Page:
For context, there were approximately 270,000 podcasts available just four years ago. In short time, podcasting has developed into a mainstream pastime, and one that is still seeing new adoption overseas. How did this happen, and so quickly?

The answer depends on the type of podcast you’re curious about. I can’t speak much about podcasts owned by corporations, or shows that exist on major networks. Their machinations are removed from my own experience. But I can speak to the phenomenon of seemingly ordinary people gathering around a microphone and reaching an audience far larger than they anticipated.

In other words, I can probably best explain the rise of podcasting by sharing my own story with the medium, and how it’s changed and grown over the years. Six years, to be exact.

Go on…A Great Podcast Can Come From Anywhere

Maniac and Smallfoot Review – Cinemaholics Episode #84

maniac

We had a packed show this week. First we reviewed Maniac, the new Netflix limited series starring Jonah Hill and Emma Stone. We also reviewed the new animated film Smallfoot, and right before that you’ll hear my interview with Karey Kirkpatrick, the director of the film. For mini reviews, we also covered The Hate U GiveHell Fest, Night School, and more.

Next week: We’re planning on doing a double feature of Venom and A Star is Born. Help us decide which review comes first by voicing your opinion in the comments. You can also become a patron and vote in our poll.

Go on…Maniac and Smallfoot Review – Cinemaholics Episode #84

The Predator Review – Cinemaholics Episode #82

predator

Franchise, franchise, franchise! The Predator aims to be a revival of the late 80s action franchise continued by a direct sequel, two spin-off crossovers, and a previous attempt at reigniting the hunt. Directed and co-written by Shane Black (who appeared in the first Predator), this latest imagining of the alien horrors is an action horror…comedy? On Cinemaholics this week, I discuss how that works with Will Ashton of Cinemablend and Maveryke Hines, our sound producer.

Mini reviews this week include A Simple FavorBojack Horseman Season 5, White Boy RickThe NunPeppermint, Marvel’s Spider-Man for PS4, Iron Fist Season 2, Tom Clancy’s Jack Ryan Season 1, and The Dragon Prince Season 1.

Next week: Should we review The House with a Clock in its Walls or Life Itself? Let us know which you’d prefer in the comments!

We also have a big announcement…

Go on…The Predator Review – Cinemaholics Episode #82

This New ‘Incredibles 2’ Short Film Is About Edna and Jack Jack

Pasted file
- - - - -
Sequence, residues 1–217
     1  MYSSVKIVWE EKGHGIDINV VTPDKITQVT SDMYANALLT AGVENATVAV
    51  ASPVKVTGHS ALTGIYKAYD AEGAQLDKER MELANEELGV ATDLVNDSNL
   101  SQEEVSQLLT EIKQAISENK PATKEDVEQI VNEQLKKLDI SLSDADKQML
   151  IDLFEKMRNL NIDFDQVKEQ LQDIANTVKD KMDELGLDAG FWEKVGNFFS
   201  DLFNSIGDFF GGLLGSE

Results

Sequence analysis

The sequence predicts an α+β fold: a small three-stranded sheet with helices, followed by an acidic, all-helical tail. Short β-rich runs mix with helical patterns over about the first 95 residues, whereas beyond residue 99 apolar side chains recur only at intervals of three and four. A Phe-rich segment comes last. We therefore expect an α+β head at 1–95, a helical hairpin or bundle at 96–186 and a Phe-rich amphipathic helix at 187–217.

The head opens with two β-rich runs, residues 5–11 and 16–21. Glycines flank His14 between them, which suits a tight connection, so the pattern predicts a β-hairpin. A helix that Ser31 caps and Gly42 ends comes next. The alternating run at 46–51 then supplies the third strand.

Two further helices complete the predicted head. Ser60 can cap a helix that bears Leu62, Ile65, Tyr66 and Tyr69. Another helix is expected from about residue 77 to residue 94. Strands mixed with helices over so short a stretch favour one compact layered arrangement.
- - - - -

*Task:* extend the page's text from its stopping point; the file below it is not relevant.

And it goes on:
auntie edna

Yesterday on Twitter, Incredibles 2 director Brad Bird teased the release of a new short film that will reveal what took place the night Edna Mode babysat Jack Jack.

Fans of the movie should remember about midway through the film, a weary Mr. Incredible handed Jack Jack off to an unassuming Edna Mode for a night off, only to find both characters in transformed spirits the morning after. So…what happened?

Go on…This New ‘Incredibles 2’ Short Film Is About Edna and Jack Jack

Searching Review – Cinemaholics Episode #80

searching

On the podcast this week, I’m joined by Will Ashton and Maveryke Hines to review Searching, one of my favorite films of 2018. We also start the show with some movie news and announcements, then get into mini reviews for The Little StrangerThe Miseducation of Cameron PostSupport the Girls, and more.

Before you start listening, be sure to help us decide the content of next week’s show. We’re debating either doing a Fall Movie Preview (as per tradition) or a feature length review of The Nun. Sound off in the comments.

Go on…Searching Review – Cinemaholics Episode #80

Cinemaholics Review: The Meg, Like Father, BlacKkKlansman

the meg

Our featured review this week is The Meg, a new shark/monster movie starring Jason Statham. Cohosts Will Ashton and Maveryke Hines joined me this week to discuss the film, plus some others including an early sneak peek review of Crazy Rich Asians.

Don’t forget, our Q&A episode is rapidly approaching, and we’re still collecting your burning questions. We’re obviously hoping for film-related inquiries and topics, but feel free to ask whatever’s on your mind!

Go on…Cinemaholics Review: The Meg, Like Father, BlacKkKlansman